Carmel Magazine

Summer 2017

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Page 166 of 219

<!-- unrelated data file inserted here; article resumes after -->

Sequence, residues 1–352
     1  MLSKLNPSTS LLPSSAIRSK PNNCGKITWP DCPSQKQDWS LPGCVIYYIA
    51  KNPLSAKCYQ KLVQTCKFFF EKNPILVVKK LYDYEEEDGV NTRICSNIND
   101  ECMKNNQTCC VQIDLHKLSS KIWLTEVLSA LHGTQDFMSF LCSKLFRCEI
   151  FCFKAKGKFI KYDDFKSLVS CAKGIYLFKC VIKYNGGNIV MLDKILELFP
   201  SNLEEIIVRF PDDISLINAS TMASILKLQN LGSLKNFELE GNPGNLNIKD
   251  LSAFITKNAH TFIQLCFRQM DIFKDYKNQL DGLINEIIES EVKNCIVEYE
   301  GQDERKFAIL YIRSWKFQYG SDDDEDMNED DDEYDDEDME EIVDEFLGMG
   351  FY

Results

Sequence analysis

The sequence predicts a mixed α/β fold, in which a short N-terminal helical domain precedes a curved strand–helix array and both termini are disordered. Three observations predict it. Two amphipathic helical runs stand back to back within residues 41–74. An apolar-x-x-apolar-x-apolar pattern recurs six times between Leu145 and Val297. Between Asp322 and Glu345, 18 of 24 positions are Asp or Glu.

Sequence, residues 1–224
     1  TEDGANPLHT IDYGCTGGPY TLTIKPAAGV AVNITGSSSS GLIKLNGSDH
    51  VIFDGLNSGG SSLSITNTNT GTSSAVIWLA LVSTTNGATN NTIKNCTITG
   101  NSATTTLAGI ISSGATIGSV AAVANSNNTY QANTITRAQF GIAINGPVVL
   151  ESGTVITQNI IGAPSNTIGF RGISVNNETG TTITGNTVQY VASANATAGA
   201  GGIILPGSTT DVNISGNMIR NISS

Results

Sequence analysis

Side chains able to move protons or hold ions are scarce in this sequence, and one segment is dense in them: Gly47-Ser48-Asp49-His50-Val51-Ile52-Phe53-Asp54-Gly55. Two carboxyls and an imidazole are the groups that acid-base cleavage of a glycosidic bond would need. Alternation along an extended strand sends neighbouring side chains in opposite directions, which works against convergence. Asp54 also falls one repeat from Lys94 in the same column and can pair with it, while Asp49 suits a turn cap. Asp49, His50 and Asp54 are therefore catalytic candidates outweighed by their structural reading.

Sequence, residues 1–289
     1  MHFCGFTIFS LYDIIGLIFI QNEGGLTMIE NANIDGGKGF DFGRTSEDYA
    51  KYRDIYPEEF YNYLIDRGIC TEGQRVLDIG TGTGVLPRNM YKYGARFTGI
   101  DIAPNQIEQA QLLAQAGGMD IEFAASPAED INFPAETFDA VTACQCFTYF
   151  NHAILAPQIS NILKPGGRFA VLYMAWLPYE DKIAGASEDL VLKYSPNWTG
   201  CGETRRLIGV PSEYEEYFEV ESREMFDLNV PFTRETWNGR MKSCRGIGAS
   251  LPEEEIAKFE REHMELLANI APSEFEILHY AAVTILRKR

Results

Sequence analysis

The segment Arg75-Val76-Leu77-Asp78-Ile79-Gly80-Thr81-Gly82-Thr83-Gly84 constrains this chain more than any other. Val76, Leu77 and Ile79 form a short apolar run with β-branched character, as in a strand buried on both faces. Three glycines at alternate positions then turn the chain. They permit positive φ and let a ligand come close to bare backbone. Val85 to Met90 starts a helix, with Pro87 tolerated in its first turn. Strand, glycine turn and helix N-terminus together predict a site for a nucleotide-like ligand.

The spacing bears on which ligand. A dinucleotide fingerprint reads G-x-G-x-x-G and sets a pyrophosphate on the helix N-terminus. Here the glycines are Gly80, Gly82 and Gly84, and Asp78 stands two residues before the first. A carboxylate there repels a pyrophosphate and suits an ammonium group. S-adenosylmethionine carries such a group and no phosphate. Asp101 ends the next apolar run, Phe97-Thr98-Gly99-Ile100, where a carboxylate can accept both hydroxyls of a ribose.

C A R M E L M A G A Z I N E • S P R I N G / S U M M E R 2 0 1 7 165 Forman is also a dedicated educator. As if that weren't enough, he has recorded 17 albums as a leader, plus several with Cow Bop, the Western Swing band, a collaboration with his wife Pammy, aka "Pinto Pammy." Add to that a grueling travel schedule and you get a guy who's not around the house that much. He and Pammy make their home in the Carmel Valley property they purchased in 2001. "I lived in LA for years," For- man says. "Now I moved back here and I commute to LA. I love being here when I'm here." Forman was born in Mas- sachusetts, then lived in Dallas until moving with his mother to San Francisco at 13. He took clas- sical piano lessons, and got his first guitar as a pre-teen. As with many of his generation, his early influences were Bob Dylan and the Beatles. But then he met a kid who introduced him to the jazz of Charlie Parker. "That had a profound effect on me. It was like: 'Click!' I had to be a part of it," he recalls. "You can draw a straight line from that moment to this one." In 1971, there was a "pretty decent" jazz scene in San Francisco and Forman jumped in with both feet. "I would play any gig, anywhere, any time," he recalls. He had found his calling. "It's not just the music," he says. "It's the people I get to be next to. Unique, inventive, eccentric, eclectic…bril- liant nuts. And that manifests itself in their approach to music. The personalities of those who played the music sealed the deal." And the scene he came up in was one of tough love to a young musician. "When I star ted out, individuality wasn't just encouraged—it was demanded," Forman recalls. "If you tried to sound like someone else you were chastised. It was a beautiful learning experience." Forman has quite possibly invented a new form of entertainment with his one- man show "The Red Guitar." He wrote the libretto, loosely based on "The Red Violin" and "The Red Shoes," as a way to share what it's like to be a jazz musician. "I tr y to impar t an enter taining, hear tfelt idea of what it's like to be one of us," he says. It's just Forman onstage, armed only with his guitar and his sometimes profound, sometimes hilarious observations. He counts Mark Twain and Will Rogers as literary influences, "mostly He's a busy, in-demand guy who has recorded and/or performed with some of the greats, including Freddie Hubbard, Bobby Hutcherson and Ray Brown. Cow Bop is Forman's foray into western swing music. "That genre has never been accepted as part of the traditional jazz world—except among musicians," he says. The band includes his wife Pammy on vocals. Photo: Kelli Uldall

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